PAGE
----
What about taxes? You will need to pay captial gains on Bitcoin trades to fiat. Make sure you keep detailed records.

You can read the stance of Canadian government here:

Forks Such as Bitcoin Cash and Bitcoin Gold
You have heard about forks, but what does it mean? Essentially what happens is a certain block is chosen and then the bitcoin blockchain (the public ledger) goes onto another path. Miners then choose which they will back. Right now there are 3 main "bitcoin". The wallets are not interchangeable. Think of forks of bitcoin as essentially a new crypto currency that shares the Bitcoin name. Because bitcoin is open source, and non-centralized, nothing prevents the name from being used by these new crypto currencies.

- Regular Bitcoin (BTC) is what most people mean when they are referring to, when they speak about bitcoin.
- Bitcoin Cash (BCH) came out of concerns of the speed of Bitcoin (BTC): "Bitcoin Cash has implemented an increased block size of 8mb, to accelerate the verification process, with an adjustable level of difficulty to ensure the chain’s survival and transaction verification speed, regardless of the number of miners supporting it." You can read more here: Bitcoin vs. Bitcoin Cash: What's the Difference? | Investopedia"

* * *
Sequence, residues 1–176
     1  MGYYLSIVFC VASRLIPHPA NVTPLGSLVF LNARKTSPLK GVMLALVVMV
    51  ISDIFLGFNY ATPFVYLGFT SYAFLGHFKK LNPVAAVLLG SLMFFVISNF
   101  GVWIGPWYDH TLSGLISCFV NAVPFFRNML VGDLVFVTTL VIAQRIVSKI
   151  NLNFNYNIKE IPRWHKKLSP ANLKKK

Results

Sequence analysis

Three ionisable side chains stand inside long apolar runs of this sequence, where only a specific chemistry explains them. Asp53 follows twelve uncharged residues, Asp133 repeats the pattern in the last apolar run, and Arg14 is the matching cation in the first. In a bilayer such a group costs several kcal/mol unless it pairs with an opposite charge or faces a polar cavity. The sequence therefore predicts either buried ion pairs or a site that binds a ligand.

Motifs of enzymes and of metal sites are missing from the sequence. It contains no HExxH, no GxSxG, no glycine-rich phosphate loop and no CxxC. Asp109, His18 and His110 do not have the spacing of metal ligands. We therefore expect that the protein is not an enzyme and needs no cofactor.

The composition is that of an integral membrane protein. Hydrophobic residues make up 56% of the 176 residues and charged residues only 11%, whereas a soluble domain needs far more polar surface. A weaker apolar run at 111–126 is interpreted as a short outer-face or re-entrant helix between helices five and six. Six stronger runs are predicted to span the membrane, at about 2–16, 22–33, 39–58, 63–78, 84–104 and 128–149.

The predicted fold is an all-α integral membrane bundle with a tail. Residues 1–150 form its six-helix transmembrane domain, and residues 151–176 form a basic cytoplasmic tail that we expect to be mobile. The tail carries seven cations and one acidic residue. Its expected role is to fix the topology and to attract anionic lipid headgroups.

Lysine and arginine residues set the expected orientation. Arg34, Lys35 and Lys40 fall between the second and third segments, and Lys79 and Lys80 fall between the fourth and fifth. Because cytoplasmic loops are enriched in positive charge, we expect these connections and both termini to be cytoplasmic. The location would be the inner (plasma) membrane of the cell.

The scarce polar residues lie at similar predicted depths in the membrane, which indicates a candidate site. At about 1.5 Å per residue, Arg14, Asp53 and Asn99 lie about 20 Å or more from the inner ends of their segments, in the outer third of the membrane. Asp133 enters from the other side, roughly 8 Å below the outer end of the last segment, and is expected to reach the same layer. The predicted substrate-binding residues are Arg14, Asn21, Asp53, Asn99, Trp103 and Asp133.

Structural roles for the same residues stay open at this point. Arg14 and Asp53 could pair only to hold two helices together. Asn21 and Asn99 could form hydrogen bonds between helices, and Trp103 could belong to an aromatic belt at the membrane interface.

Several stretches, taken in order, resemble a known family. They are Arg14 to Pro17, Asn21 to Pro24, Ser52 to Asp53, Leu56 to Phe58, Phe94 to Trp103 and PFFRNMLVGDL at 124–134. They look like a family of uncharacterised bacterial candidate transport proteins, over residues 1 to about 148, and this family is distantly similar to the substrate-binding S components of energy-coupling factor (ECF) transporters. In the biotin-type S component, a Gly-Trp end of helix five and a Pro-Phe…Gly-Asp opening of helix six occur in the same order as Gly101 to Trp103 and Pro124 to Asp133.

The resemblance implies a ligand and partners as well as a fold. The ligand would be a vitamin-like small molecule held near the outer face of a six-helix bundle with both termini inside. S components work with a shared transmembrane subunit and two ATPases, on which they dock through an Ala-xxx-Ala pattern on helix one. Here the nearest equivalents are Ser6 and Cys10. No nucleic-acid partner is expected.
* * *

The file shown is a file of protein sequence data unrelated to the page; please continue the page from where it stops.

- Bitcoin Gold (BTG). This is the latest fork using the Bitcoin name, but has not gotten the same traction as Bitcoin Cash. This may change as more exchanges accept trading in BTG. The main differentiators of Bitcoin Gold is to allow people to mine with CPUs instead of ASIC's made which are special chips to mine bitcoin).

What About Altcoins & ICOs?
There are so many Altcoins and ICOs, and we are happy to talk about them here. We recommend you do your due diligence with all of them, and keep in mind the old adage if it sounds too good to be true, it probably is.

You can track the various Altcoins here:

If you are looking to buy Altcoins from a Canadian exchange you are limited. As of this moment (our last update), here are the Altcoins you can buy in Canada:

CoinSquare offers: Bitcoin, Bitcoin Cash, Ethereum, Litecoin, Dash.
Bitvo offers: Bitcoin, Ethereum, XRP, Litecoin, Dash and more!

If one of the Altcoins you want in not in the list, you can use a service called or Binance

Also for wallets, be very careful. You need the appropriate for each Altcoin. The wallet for Bitcoin is not compatible with a wallet for Ethereum. Think of each Altcoin like a foreign bank account. Never the twain shall meet. Companies like make this easier.

Where Can I Get Local Help In Person?
There are many Bitcoins Meet-ups in Canada you can check them out here.

There is also a couple of local organizations/business that can help you further:


Other Resources